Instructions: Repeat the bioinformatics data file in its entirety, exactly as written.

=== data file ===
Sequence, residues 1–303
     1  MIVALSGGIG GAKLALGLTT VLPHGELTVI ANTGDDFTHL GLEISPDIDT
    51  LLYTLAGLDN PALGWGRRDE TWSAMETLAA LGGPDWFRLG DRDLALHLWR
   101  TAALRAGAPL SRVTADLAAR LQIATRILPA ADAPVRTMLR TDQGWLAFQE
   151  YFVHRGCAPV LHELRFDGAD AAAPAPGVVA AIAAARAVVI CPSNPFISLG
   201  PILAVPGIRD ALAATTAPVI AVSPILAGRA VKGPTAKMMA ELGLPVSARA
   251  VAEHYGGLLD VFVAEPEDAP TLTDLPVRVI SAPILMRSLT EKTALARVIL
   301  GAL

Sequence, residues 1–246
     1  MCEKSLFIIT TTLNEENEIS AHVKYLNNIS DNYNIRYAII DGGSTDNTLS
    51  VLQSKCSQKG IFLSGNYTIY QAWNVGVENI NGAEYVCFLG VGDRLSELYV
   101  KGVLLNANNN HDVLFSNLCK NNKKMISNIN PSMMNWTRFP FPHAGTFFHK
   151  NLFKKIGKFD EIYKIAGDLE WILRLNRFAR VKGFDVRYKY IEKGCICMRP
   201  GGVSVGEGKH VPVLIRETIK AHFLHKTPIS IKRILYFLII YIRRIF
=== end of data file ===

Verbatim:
Sequence, residues 1–303
     1  MIVALSGGIG GAKLALGLTT VLPHGELTVI ANTGDDFTHL GLEISPDIDT
    51  LLYTLAGLDN PALGWGRRDE TWSAMETLAA LGGPDWFRLG DRDLALHLWR
   101  TAALRAGAPL SRVTADLAAR LQIATRILPA ADAPVRTMLR TDQGWLAFQE
   151  YFVHRGCAPV LHELRFDGAD AAAPAPGVVA AIAAARAVVI CPSNPFISLG
   201  PILAVPGIRD ALAATTAPVI AVSPILAGRA VKGPTAKMMA ELGLPVSARA
   251  VAEHYGGLLD VFVAEPEDAP TLTDLPVRVI SAPILMRSLT EKTALARVIL
   301  GAL

Sequence, residues 1–246
     1  MCEKSLFIIT TTLNEENEIS AHVKYLNNIS DNYNIRYAII DGGSTDNTLS
    51  VLQSKCSQKG IFLSGNYTIY QAWNVGVENI NGAEYVCFLG VGDRLSELYV
   101  KGVLLNANNN HDVLFSNLCK NNKKMISNIN PSMMNWTRFP FPHAGTFFHK
   151  NLFKKIGKFD EIYKIAGDLE WILRLNRFAR VKGFDVRYKY IEKGCICMRP
   201  GGVSVGEGKH VPVLIRETIK AHFLHKTPIS IKRILYFLII YIRRIF